Plant-Based Diet: Amp Up Your Nutrition Game With THESE Healthy Foods


Studies have shown that plant-based diets provide a large number of health benefits. Here are four delightful additions you can make to your diet that will help you step up your nutrition game.

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Add these plant foods to your diet

How many times have you heard that a plant-based diet is good for your health? Of course, no diet can reverse lifestyle diseases, but it can reduce the risk of developing unwanted diseases. Studies have found that plant foods are a good source of healthy nutrients because they are rich in fiber, vitamins, minerals and phytonutrients. Here are some healthy plant foods that you should add to your diet.

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mushroom

Mushrooms are a good source of antioxidants that help fight inflammation that can contribute to aging and help with cancer. A review of Advances in Nutrition found that people who ate the most mushrooms had a 34 percent lower risk of developing any type of cancer than those who ate the least mushrooms, according to a study of 17 studies on mushrooms and health. They found that mushrooms reduced the risk of breast cancer by 35%.

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tomatoes

Tomatoes are a type of berry (not a vegetable). They are high in vitamin C and lycopene and carotene. Plants generate carotenoids, which are pigments that give vegetables their vibrant colors. In a review published in Phytotherapy Research, subjects were asked to consume tomato products equivalent to 1-1.5 large tomatoes or 1-1.5 cups of tomato juice daily for six weeks in an evaluation of six trials. When comparing the results, they found that individuals who did not eat tomatoes had lower blood triglycerides (a type of fat in the blood that increases the risk of heart disease), as well as lower levels of total and “bad” cholesterol. They also found that they had higher amounts of “good cholesterol.”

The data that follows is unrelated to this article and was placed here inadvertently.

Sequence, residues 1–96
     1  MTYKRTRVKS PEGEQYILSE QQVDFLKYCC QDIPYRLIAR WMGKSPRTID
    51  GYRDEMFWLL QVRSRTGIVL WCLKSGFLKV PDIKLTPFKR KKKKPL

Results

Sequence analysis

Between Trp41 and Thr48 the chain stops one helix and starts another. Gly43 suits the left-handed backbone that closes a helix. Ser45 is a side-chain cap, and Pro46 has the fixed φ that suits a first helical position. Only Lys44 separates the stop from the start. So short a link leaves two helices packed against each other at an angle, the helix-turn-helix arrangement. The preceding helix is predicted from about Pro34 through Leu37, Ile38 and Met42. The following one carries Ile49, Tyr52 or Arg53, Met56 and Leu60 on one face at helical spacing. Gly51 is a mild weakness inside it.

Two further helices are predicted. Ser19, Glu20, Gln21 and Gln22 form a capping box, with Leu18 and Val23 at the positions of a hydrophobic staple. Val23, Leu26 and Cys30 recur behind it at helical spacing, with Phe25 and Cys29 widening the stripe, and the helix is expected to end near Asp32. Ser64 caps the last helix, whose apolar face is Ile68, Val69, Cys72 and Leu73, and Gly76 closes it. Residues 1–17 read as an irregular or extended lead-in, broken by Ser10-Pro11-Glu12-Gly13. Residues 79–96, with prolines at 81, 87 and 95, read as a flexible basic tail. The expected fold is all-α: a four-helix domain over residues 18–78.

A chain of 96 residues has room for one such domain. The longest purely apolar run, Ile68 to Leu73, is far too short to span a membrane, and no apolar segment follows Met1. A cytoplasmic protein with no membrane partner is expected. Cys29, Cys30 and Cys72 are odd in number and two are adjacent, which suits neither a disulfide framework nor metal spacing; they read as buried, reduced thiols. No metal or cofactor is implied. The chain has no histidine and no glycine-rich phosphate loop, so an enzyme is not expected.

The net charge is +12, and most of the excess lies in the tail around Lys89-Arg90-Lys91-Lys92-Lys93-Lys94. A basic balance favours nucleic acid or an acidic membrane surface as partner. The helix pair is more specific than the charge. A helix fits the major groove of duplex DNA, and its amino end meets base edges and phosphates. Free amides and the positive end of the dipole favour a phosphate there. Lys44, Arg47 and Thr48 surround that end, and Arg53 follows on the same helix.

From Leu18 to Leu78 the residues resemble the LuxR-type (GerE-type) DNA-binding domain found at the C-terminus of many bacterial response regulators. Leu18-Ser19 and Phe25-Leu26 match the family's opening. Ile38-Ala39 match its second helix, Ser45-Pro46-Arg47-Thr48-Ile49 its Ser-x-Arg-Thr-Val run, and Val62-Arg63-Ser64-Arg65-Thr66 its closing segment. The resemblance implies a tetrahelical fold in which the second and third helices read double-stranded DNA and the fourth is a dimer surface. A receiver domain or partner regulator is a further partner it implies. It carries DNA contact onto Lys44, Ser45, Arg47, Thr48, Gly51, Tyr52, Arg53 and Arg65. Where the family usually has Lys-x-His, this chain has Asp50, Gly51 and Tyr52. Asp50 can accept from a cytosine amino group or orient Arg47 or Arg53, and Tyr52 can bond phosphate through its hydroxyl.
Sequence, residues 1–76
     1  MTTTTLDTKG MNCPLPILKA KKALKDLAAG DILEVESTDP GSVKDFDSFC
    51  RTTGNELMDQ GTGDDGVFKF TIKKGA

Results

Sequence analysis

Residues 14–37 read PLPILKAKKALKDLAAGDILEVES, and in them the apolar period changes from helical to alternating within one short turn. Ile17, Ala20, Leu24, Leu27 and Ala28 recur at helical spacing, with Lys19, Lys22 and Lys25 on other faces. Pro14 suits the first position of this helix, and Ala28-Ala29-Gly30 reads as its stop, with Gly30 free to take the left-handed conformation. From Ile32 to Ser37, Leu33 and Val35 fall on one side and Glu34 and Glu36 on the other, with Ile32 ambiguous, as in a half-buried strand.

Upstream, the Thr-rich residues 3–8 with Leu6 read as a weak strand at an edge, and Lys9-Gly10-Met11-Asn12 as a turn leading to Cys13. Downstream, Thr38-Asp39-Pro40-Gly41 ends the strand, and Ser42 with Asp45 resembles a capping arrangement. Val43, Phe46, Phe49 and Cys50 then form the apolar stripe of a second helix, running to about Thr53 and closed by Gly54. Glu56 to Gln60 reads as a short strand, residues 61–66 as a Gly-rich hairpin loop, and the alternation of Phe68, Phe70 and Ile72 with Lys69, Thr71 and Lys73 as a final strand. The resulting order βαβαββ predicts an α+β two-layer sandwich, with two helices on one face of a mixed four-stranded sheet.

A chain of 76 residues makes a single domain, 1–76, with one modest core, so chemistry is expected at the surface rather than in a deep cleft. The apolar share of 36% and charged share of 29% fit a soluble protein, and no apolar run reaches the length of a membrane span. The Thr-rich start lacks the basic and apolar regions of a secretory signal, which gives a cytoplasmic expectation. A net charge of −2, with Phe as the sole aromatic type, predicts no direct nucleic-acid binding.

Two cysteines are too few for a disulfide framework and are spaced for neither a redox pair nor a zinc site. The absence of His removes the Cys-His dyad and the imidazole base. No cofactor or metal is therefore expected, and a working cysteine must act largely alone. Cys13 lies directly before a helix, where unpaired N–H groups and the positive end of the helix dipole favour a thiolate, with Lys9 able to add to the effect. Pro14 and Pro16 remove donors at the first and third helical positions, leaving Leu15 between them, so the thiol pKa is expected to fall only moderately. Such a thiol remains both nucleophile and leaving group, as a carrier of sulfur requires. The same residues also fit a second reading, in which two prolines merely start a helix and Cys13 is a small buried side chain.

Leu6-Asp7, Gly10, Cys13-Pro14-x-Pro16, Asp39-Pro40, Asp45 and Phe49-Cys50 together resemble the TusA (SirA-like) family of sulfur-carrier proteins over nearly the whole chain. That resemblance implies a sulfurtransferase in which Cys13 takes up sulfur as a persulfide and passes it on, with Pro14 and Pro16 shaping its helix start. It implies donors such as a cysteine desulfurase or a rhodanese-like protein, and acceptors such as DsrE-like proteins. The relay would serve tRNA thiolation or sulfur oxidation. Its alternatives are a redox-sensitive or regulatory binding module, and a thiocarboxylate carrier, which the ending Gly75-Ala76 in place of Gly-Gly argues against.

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oats

Did you know that oats are one of the healthiest grains on earth? A review published in the Journal of Nutrition discovered that eating wholegrain oats and thick-rolled oats significantly reduces blood glucose and insulin levels. However, eating rolled quick oats is not very good because it is less processed oats and takes longer to digest and absorb. So, instead of quick rolled oats, eat wholegrain oats, also known as cereal, or rolled oats. They are also a good source of beta-glucan, a soluble fiber that helps lower cholesterol levels.

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Pumpkin

Pumpkin is rich in beta-carotene, which turns into vitamin A when eaten and helps produce antibodies that help fight infections. A study published in the American Journal of Clinical Nutrition found that people who eat large amounts of foods rich in beta-carotene (such as pumpkin, carrots, sweet potatoes, and leafy green vegetables) have an 8-19% lower relative risk of coronary artery disease. Heart disease, stroke, or death from any cause other than those who ate less.

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